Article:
I’m Going to Miss Superstore

Today’s feature contains spoilers without reservation or apology.

Cloud 9 store 1217 closed last night, after six seasons.

In last night’s hourlong finale, Amy, the store’s former manager, confirmed that Zephra, the Amazon-like company that purchased Cloud 9 in season five (just seconds before the company agreed to union demands), planned to close 95 percent of its stores and move its retail venture online. This put Cloud 9 employees in a precarious situation; as one employee yelled at Dina, who swindled her way into management, “You make manager money, most of us need this job!”

The first half of the episode, “Perfect Store,” follows the formula of previous episodes: Amy and Jonah conspire to keep the store open through morally questionable choices (turning away “freaks,” bringing in attractive employees from competing stores) while they actively denied their love for each other. At one point I yelled through tears from the couch, “YOU BELONG TOGETHER.” (I had Sandra on my side.)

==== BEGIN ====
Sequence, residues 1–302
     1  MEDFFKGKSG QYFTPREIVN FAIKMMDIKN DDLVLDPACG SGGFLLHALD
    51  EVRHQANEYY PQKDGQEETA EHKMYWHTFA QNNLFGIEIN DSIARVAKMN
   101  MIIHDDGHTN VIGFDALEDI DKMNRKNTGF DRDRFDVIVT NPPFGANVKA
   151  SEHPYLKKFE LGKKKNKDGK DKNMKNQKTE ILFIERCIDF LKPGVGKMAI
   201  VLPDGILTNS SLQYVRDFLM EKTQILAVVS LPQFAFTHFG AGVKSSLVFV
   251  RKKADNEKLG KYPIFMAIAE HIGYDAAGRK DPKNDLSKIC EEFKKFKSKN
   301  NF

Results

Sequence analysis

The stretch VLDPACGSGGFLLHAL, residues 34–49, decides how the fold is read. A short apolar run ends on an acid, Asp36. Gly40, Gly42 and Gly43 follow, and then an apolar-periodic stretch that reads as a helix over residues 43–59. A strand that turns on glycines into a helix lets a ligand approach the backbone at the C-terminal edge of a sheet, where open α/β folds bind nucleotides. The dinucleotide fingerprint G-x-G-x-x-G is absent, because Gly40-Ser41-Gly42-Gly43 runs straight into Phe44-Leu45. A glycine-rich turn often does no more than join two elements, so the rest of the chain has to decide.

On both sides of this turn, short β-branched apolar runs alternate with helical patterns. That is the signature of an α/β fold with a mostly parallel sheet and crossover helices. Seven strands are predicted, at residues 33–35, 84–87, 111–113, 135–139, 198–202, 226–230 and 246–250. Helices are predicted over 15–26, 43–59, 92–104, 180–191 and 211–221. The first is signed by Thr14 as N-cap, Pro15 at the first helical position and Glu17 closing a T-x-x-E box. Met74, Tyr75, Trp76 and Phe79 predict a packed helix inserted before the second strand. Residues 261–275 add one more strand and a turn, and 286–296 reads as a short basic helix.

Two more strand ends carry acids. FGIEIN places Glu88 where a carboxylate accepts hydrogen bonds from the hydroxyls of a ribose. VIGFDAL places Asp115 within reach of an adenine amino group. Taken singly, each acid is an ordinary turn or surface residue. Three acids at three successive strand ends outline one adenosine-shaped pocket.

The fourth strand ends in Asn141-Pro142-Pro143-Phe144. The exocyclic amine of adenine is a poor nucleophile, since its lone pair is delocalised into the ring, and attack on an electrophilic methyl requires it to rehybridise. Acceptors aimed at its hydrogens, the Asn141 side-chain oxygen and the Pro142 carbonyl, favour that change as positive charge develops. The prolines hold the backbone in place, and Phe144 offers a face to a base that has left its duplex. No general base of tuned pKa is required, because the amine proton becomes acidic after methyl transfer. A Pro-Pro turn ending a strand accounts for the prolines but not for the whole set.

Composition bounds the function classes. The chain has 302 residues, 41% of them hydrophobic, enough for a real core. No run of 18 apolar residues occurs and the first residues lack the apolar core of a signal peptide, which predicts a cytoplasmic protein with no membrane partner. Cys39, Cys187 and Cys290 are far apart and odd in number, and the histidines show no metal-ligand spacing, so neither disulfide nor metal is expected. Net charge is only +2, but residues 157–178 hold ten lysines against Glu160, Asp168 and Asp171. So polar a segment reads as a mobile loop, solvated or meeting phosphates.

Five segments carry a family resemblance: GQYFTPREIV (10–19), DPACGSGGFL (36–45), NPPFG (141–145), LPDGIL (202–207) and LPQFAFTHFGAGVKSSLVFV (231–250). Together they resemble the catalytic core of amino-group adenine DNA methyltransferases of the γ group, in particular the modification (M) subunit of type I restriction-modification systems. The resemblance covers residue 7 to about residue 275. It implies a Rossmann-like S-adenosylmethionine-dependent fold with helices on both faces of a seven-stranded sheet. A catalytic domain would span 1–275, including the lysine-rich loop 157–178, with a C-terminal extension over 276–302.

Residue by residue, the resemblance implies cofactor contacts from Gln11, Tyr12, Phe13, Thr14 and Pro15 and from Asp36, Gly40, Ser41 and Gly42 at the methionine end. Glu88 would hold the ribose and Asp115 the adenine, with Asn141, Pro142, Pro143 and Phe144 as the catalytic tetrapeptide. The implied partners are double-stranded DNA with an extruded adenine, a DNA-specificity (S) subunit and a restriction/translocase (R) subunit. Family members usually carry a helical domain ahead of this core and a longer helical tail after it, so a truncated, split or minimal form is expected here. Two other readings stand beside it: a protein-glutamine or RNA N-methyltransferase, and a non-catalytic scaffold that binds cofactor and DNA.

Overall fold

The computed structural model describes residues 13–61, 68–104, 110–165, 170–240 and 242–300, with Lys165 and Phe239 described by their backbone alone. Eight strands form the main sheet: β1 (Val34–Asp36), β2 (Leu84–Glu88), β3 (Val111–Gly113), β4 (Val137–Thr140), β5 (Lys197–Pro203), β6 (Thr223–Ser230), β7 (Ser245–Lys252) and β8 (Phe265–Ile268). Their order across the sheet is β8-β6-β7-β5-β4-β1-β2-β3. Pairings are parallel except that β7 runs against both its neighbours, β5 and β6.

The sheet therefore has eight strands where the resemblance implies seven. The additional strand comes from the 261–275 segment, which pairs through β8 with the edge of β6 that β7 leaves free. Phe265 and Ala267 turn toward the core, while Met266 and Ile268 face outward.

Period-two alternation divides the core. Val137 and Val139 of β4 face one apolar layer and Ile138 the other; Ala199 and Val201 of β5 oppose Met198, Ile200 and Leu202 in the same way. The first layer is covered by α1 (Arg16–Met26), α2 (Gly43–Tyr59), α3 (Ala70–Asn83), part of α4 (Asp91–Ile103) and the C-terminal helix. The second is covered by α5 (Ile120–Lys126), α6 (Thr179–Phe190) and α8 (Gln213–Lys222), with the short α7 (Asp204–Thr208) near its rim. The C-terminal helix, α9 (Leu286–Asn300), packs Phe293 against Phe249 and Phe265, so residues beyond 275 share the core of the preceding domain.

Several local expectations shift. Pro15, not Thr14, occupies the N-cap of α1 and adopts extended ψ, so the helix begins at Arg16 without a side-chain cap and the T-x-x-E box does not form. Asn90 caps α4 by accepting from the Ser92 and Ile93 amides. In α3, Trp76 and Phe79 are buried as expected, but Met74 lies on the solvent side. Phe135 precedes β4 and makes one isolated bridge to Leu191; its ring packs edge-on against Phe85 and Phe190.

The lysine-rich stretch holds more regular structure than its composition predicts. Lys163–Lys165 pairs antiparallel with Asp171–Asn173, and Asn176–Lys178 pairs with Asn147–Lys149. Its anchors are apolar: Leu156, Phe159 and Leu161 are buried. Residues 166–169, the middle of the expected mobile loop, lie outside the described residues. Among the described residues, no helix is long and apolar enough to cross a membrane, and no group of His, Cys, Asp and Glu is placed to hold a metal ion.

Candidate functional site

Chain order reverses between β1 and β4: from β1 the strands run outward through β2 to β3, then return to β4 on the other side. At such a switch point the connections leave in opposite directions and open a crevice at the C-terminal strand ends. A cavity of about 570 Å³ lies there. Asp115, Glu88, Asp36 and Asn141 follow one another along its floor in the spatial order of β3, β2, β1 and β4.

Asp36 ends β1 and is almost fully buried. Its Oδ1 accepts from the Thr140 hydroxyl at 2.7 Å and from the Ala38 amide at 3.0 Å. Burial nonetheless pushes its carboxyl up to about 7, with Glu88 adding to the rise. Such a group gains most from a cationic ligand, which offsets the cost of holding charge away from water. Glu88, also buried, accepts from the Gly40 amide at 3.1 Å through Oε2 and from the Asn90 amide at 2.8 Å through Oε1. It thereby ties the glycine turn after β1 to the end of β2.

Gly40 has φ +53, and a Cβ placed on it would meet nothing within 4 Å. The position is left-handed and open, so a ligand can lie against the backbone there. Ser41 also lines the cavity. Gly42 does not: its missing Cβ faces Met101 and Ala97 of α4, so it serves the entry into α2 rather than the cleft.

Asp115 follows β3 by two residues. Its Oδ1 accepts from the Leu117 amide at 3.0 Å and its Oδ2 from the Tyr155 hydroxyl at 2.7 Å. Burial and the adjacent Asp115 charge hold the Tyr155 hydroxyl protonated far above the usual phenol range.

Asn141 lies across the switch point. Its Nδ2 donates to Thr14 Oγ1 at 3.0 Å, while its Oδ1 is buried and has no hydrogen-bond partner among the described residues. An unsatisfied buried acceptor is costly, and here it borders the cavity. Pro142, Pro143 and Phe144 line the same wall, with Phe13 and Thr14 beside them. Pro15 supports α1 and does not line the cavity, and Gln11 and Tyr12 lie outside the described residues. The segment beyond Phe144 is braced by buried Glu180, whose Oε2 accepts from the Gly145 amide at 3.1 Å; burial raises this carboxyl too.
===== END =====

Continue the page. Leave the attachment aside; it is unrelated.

Mateo, who inarguably had the most to lose as an undocumented immigrant and is “basically unhirable,” spent the day selling himself as an ideal personal assistant to Carol, who had received a $20,000 windfall from a lawsuit against the store. Carol had expected more money, of course, but at $25 per hour, she could only hire Mateo for eight hours. (The living wage in St. Louis, to support two adults and no children is $28.53. Minimum wage, which most of the employees were probably paid, is $9.45.) How will Mateo find a job as an undocumented immigrant? Who will sponsor his employment? His position as assistant to the manager was the only role that didn’t require involvement from corporate.